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I want to ask a thing about digital signing I am not very sure. Instead of creating a self signed certificate to use to sign some (PDF) files, I wanted to take my SSL cert which have my data already verified.

But the question is: Can a SSL cert be used to digital sign files or is it incompatible in some manner?

Thank you for your responses, I am newbie in this matter.

EDIT: To clarify, this question is not about how to sign PDFs, is only about if a SSL cert can be used (or converted in any way) to sign files.

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2 Answers 2

up vote 2 down vote accepted

To support digital signing certificate must have digitalSignature option in it's keyUsage field (and codeSigning option in it's extendedKeyUsage field if your want to sign programs with it).

Signing may be done with existing tools or manually (java example, you are not asking for it, but this code snippet might be useful anyway):

byte[] bytesToSign = loadMyData();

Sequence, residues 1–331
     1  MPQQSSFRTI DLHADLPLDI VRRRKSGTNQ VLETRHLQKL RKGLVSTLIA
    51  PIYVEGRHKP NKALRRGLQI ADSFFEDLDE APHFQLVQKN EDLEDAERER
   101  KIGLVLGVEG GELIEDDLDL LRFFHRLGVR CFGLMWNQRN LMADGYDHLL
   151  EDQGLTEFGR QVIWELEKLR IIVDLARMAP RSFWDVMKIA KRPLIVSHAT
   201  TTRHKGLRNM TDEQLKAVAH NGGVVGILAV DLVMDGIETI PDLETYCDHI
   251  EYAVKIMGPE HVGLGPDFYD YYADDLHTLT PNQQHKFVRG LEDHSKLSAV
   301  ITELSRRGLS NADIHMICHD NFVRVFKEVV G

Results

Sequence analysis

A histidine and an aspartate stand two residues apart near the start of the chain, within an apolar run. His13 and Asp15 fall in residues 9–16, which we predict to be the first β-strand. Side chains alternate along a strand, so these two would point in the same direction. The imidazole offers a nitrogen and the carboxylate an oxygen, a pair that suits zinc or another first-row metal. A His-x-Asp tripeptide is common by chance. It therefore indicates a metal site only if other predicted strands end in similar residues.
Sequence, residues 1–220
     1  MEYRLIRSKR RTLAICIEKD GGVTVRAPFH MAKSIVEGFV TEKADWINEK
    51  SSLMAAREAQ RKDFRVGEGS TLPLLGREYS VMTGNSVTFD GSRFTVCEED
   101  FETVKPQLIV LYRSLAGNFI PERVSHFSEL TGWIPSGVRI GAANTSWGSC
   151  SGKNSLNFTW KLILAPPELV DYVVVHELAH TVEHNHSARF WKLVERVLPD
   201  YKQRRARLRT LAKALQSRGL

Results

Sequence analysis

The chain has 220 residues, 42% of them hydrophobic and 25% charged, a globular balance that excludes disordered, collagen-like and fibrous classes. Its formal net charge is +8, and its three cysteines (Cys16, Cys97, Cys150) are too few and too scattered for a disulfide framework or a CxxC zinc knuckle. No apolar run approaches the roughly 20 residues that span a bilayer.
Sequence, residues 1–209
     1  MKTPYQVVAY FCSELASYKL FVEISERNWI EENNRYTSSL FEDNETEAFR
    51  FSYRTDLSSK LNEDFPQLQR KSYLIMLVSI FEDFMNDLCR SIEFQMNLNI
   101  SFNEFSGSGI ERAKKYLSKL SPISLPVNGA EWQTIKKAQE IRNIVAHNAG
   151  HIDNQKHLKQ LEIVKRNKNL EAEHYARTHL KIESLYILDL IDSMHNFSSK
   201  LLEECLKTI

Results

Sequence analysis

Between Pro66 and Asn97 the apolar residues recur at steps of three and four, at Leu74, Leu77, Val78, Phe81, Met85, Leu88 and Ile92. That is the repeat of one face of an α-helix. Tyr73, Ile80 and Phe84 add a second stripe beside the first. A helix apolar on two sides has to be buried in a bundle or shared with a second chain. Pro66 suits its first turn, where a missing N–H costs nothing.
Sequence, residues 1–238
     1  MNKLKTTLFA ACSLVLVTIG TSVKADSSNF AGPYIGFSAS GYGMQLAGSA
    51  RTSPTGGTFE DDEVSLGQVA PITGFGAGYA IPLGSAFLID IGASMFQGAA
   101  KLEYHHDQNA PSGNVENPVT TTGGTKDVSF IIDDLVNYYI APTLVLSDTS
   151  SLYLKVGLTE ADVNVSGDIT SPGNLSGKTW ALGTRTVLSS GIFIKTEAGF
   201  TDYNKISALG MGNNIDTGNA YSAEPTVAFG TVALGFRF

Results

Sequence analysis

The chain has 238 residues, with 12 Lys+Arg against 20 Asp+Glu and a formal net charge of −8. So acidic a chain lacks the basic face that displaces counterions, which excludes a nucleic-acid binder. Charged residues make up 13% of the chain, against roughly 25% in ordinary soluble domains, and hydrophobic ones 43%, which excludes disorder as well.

KeyStore ks = KeyStore.getInstance("pkcs12", "SunJSSE");
ks.load(new FileInputStream("cert.p12"), "passwd1".toCharArray());
PrivateKey privateKey = (PrivateKey) ks.getKey("myalias", "passwd2".toCharArray());
Signature sig = Signature.getInstance("SHA1withRSA", ks.getProvider());
byte[] signature = sig.sign();

To make your own not self-signed certificate with openssl see this SO answer.

Also curious about signing PDF's - aren't separate hash sums of these files enough in your case?

edit: if you want any sign, not exactly X.509 sign by existing tools, you can extract RSA key from your cert and do signing without bothering about keyUsage field.

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I am talking about invoices as PDF, and they are required to be digitally signed in order to have them have legal validity. Then, a simply sum is not enough in this case. –  StormByte Mar 15 '12 at 19:38
I already do know that I can make easily a self signed key for this purpose, but wanted to avoid any warning my clients will get if I do that. –  StormByte Mar 15 '12 at 19:40

At the core, the certificate is just a normal RSA public key that's been signed by several authorities.

So yes, definitely possible.

Though I don't know of any easy-to-use widespread tools for the end-user for this.

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Thanks, that's what I wanted to know. Because if it can be handled by openssl to sign things, then it will work. –  StormByte Mar 14 '12 at 1:37
See alx3apps answer for more information. You can do it, but unless you have the digitalSignature option in keyUsage, (or codeSigning to sign code), the signature might be rejected by other implementations. –  mfanto Mar 15 '12 at 19:08

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